This cell converts chemical energy into electrical energy.
Galvanic cell is made up of two half cells i.e., anodic and cathodic. The cell reaction is of redox kind.
Oxidation takes place at anode and reduction at cathode. It is also known as voltaic cell. It may be represented as shown in Fig. Zinc rod immersed in ZnSO4 behaves as anode and copper rod immersed in CuSO4 behaves as cathode.
Oxidation takes place at anode:
Zn → Zn2+ + 2e- (loss of electron : oxidation)
Reduction takes place at cathode:
Cu2+ + 2e- → Cu (gain of electron ; reduction)
Over all process:
Zn(s) + Cu2+ → Cu(s) + Zn2+
In galvanic cell like Daniell cell; electrons flow from anode (zinc rod) to the cathode (copper rod) through external circuit; zinc dissolves as Zn2+ ; Cu2+ ion in the cathode cell picks up two electron and become deposited at cathode.
Two electrolyte solutions in galvanic cells are seperated using salt bridge as represented in the Fig. salt bridge is a device to minimize or eliminate the liquid junction potential. Saturated solution of salt like KCI, KNO3, NH4Cl and NH4NO3 etc. in agar-agar gel is used in salt bridge. Salt bridge contains high concentration of ions viz. K+ and NO3- at the junction with electrolyte solution. Thus, salt bridge carries whole of the current across the boundary ; more over the K+and NO3- ions have same speed.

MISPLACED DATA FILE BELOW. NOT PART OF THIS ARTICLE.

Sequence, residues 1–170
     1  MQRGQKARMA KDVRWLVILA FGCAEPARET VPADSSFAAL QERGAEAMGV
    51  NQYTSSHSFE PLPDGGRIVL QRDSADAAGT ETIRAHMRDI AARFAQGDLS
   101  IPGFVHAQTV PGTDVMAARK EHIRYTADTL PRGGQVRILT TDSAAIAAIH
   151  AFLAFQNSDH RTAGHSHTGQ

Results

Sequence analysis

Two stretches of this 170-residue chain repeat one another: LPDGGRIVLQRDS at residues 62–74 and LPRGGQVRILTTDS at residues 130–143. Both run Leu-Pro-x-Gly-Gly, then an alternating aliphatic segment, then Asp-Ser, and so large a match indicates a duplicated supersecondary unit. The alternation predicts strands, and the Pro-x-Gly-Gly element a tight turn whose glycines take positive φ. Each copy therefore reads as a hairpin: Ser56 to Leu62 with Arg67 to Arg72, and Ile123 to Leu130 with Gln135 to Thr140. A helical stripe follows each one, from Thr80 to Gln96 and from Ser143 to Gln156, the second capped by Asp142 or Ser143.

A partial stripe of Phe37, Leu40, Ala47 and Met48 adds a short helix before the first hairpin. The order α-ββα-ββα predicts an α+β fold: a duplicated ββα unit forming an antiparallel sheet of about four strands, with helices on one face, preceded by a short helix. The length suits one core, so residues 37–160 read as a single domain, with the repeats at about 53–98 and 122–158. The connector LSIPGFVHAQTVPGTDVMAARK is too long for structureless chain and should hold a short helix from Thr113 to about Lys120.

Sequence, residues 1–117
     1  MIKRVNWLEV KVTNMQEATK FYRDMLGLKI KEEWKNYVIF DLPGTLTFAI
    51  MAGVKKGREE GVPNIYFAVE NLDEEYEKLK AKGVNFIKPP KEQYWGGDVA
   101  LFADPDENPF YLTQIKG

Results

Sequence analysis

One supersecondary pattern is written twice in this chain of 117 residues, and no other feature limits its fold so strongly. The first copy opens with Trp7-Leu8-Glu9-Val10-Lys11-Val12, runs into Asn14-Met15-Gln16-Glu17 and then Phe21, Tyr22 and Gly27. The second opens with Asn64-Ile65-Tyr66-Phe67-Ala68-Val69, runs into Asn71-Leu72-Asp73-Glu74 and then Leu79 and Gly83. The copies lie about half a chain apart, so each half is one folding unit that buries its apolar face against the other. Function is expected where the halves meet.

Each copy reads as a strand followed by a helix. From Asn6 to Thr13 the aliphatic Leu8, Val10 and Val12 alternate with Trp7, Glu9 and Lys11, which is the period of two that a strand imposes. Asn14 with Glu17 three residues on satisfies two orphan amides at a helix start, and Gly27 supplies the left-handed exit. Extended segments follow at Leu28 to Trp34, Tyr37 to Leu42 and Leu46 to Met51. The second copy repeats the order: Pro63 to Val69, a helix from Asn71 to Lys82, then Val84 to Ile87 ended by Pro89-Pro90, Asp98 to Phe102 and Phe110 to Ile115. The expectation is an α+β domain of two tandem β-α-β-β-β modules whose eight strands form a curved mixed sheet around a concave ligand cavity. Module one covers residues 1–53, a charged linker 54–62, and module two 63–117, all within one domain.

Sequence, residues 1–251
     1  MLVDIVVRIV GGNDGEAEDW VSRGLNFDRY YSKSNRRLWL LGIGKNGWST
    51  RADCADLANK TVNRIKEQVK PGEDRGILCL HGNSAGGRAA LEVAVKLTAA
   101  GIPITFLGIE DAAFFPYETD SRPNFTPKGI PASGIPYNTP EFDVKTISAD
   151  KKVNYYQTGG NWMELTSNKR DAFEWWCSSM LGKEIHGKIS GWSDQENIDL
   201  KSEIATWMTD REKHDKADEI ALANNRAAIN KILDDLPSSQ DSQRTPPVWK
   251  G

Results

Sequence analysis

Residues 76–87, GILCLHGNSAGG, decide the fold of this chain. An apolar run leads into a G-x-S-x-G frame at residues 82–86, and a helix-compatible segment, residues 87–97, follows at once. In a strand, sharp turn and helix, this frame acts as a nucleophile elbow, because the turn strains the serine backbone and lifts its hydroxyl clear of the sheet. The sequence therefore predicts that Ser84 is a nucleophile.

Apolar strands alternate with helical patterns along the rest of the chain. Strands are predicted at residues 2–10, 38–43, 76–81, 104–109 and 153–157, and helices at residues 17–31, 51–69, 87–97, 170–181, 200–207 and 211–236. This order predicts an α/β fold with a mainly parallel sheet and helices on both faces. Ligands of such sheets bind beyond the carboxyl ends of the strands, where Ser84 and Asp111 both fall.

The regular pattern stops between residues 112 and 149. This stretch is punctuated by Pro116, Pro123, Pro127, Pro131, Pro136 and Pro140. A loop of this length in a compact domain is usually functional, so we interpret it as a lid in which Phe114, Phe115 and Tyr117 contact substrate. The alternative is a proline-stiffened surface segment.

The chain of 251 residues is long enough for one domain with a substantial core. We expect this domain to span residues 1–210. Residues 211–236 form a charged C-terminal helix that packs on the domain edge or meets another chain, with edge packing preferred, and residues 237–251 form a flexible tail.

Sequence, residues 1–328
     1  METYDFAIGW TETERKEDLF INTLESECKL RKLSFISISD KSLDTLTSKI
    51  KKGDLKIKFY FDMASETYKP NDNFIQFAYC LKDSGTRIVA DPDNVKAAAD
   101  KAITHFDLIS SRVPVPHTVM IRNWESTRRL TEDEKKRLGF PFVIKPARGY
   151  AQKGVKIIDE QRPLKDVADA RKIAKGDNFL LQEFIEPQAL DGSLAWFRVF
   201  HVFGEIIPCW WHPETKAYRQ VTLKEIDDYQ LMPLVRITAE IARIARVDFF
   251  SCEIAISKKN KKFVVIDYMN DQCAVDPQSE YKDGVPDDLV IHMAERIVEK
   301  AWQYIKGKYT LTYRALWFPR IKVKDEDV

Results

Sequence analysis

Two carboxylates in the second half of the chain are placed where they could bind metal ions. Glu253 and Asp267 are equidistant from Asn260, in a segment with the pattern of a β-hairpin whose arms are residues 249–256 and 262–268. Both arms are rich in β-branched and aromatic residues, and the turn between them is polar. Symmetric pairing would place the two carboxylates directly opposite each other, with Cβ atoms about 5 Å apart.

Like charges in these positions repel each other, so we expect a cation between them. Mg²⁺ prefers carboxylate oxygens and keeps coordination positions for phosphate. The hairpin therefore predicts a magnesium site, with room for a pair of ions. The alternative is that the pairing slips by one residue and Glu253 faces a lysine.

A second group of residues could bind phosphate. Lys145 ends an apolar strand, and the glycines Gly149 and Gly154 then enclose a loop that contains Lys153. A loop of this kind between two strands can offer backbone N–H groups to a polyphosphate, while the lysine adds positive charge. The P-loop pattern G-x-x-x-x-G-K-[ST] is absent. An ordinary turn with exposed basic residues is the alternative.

Hence, salt bridge with uniform and same mobility of cations and anions minimize the liquid junction potential & completes the electrical circuit & permits the ions to migrate
REPRESENTATION OF AN ELECTROCHEMICAL CELL (GALVANIC CELL)
The following universally accepted conversions are followed in representing an electrochemical cell :
(i) The anode (negative electrode) is written on the left hand side and cathode (positive electrode) on the right hand side.
(ii) A vertical line or semicolon (;) indicates a contact between two phases. The anode of the cell is represented by writing metal first and then the metal ion present in the electrolytic solution. Both are separated by a vertical line or a semicolon. For example Zn | Zn2+ or Zn ; Zn2+ The molar concentration or activity of the solution is written in brackets after the formula of the ion.